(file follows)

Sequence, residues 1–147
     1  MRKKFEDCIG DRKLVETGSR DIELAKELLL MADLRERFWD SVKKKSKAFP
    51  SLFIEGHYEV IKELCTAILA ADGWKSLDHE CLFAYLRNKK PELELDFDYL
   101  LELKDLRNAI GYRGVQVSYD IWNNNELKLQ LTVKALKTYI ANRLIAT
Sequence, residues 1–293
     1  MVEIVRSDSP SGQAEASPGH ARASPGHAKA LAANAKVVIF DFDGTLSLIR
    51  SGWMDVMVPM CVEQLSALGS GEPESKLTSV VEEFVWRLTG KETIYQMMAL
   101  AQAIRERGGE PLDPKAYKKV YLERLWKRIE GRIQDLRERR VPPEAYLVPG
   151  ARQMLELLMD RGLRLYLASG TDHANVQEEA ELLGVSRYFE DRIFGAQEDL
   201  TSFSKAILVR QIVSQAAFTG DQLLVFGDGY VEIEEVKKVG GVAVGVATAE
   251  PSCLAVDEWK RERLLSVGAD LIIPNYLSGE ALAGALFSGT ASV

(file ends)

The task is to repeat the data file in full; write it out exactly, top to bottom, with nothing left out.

Sequence, residues 1–147
     1  MRKKFEDCIG DRKLVETGSR DIELAKELLL MADLRERFWD SVKKKSKAFP
    51  SLFIEGHYEV IKELCTAILA ADGWKSLDHE CLFAYLRNKK PELELDFDYL
   101  LELKDLRNAI GYRGVQVSYD IWNNNELKLQ LTVKALKTYI ANRLIAT
Sequence, residues 1–293
     1  MVEIVRSDSP SGQAEASPGH ARASPGHAKA LAANAKVVIF DFDGTLSLIR
    51  SGWMDVMVPM CVEQLSALGS GEPESKLTSV VEEFVWRLTG KETIYQMMAL
   101  AQAIRERGGE PLDPKAYKKV YLERLWKRIE GRIQDLRERR VPPEAYLVPG
   151  ARQMLELLMD RGLRLYLASG TDHANVQEEA ELLGVSRYFE DRIFGAQEDL
   201  TSFSKAILVR QIVSQAAFTG DQLLVFGDGY VEIEEVKKVG GVAVGVATAE
   251  PSCLAVDEWK RERLLSVGAD LIIPNYLSGE ALAGALFSGT ASV